If the syntaxic sugar is just a different way to express the same thing without adding any facility, it offers no interest at all. It gets interest only if if adds some behavior (e.g. avoiding repeating a subexpression, without having to declare a temporary variable, or create a separate block of statement to isolate that temporary variable (this is the case for example with the for statement) and programmatically have to handle the scope (so that the abbreviated form also gives hint to the compiler or optimizer about which temporary variable is no longer in use or must no longer be used, and so that common subexpressions can be evaluated only once and their result kept in an implicit variable/register); the same is true for the colon-syntax for functions to pass an implicit "self" argument: the code is clearer in that case, and less errorprone, so the syntaxic sugar has demonstrated benefits.
However a basic "sugar" changing the syntax of a simple function declaration offers no benefit, except possibly to provide additional hints or restrictions on the outer variables in scope that are explicitly allowed to be used in the closure, and make these variables being explicitly named (yes in that case, it provides a clear code, and allows better isolation so that additional vairables which may be present in the closure would be implicitly hidden/inaccessible: the compiler can then use it to optimize these hidden variables to not pass them inside the closure, and the compiler can then reorganize the storage order and allocate the hidden variables only inside the parent function/block, possibly only on the stack and not adding any key in the table of variables for the parent scope, and closures can then be optimized and reduced in size, while enforcing a good programming style where dependencies are explicited; another interesting extension would be for these closures to have local name bindings: local names used inside the function would no longer have to be changed inside the function even if the outer scope has changed the name or its own binding; allowing as well easier refactoring of the code, including for testing local changes to an implementation). Note that function declarations already embed some existing syntaxic sugars (including for the declared name, which in facts hides a declaration of a local variable initialized with an anonymous function, and hides the hidden parameter pointing to the closure structure built with upvalues.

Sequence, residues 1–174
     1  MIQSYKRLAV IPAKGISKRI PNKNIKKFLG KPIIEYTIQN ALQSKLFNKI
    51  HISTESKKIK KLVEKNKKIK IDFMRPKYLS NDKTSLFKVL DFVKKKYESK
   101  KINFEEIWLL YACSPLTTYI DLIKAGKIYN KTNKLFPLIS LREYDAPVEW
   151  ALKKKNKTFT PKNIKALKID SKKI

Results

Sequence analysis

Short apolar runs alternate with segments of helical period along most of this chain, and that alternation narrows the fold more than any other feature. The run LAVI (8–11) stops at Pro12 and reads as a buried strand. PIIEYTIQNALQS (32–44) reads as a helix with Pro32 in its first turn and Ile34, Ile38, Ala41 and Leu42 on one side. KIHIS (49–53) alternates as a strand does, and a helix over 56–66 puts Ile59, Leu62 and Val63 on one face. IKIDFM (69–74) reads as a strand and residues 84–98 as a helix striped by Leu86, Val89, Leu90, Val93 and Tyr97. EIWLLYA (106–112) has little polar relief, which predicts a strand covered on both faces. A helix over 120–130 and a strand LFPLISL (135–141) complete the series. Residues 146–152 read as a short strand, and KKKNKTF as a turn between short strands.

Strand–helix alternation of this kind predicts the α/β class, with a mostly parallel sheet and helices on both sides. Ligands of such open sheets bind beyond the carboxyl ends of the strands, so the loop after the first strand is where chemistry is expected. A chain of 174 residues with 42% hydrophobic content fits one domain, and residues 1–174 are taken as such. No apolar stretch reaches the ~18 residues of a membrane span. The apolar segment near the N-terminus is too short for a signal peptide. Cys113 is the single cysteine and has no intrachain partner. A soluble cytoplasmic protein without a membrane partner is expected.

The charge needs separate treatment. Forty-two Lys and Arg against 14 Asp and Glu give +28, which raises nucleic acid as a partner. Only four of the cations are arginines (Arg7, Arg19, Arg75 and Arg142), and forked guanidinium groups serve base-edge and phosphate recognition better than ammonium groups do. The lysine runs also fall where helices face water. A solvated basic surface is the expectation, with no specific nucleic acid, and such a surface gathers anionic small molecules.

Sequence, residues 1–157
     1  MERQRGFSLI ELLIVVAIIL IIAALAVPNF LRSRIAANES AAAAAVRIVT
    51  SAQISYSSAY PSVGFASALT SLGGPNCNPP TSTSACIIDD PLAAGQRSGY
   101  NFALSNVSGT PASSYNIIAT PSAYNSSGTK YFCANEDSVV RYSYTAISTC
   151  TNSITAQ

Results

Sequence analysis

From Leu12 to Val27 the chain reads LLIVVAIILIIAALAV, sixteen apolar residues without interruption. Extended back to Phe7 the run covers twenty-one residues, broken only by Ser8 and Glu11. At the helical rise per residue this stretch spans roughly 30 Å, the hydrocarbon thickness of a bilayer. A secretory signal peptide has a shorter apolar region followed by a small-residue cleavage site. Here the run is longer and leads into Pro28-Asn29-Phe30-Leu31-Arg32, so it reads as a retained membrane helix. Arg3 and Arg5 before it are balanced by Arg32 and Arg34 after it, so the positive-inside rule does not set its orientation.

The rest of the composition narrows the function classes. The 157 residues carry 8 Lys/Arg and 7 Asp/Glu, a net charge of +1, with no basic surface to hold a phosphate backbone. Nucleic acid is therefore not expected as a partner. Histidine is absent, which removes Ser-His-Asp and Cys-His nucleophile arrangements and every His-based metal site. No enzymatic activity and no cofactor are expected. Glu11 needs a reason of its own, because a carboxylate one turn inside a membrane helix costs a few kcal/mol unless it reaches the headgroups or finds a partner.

So a syntaxic sugar must just be made to add other missing facilities (that are otherwise too complex to write without being errorprone): it should be used because it allows clear code and easier detection of programming errors (notably an accidental use of an outer variable in scope of the enclosing closure, whereas the function code should have declared its own local variable: in Lua there's no protection and it's easy for a programmer to corrupt unexpected variables in the enclosing scope, just because of a simple typo in a variable name and even linters won't help until there's a manual human scrutiny of the function's code: here a syntaxic sugar would help by offering a stringer isolation of the valid scopes, enforced by the scanner or the compiler). Other sugars could provide additional facilities for debugging or introspection/reflection and could also offer additional features like declaration attributes.